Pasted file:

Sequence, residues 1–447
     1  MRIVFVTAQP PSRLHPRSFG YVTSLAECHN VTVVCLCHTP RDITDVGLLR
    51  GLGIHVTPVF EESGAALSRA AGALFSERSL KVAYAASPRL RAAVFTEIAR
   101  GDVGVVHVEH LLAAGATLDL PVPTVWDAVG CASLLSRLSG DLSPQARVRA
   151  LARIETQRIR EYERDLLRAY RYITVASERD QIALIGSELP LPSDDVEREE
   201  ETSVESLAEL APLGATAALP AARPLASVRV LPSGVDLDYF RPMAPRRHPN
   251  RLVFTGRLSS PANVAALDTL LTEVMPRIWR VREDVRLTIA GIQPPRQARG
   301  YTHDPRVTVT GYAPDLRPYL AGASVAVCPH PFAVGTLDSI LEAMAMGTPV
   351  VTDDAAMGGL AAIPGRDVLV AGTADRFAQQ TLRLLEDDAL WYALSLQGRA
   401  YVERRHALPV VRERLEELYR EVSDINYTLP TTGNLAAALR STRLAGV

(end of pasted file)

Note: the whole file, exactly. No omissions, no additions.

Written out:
Sequence, residues 1–447
     1  MRIVFVTAQP PSRLHPRSFG YVTSLAECHN VTVVCLCHTP RDITDVGLLR
    51  GLGIHVTPVF EESGAALSRA AGALFSERSL KVAYAASPRL RAAVFTEIAR
   101  GDVGVVHVEH LLAAGATLDL PVPTVWDAVG CASLLSRLSG DLSPQARVRA
   151  LARIETQRIR EYERDLLRAY RYITVASERD QIALIGSELP LPSDDVEREE
   201  ETSVESLAEL APLGATAALP AARPLASVRV LPSGVDLDYF RPMAPRRHPN
   251  RLVFTGRLSS PANVAALDTL LTEVMPRIWR VREDVRLTIA GIQPPRQARG
   301  YTHDPRVTVT GYAPDLRPYL AGASVAVCPH PFAVGTLDSI LEAMAMGTPV
   351  VTDDAAMGGL AAIPGRDVLV AGTADRFAQQ TLRLLEDDAL WYALSLQGRA
   401  YVERRHALPV VRERLEELYR EVSDINYTLP TTGNLAAALR STRLAGV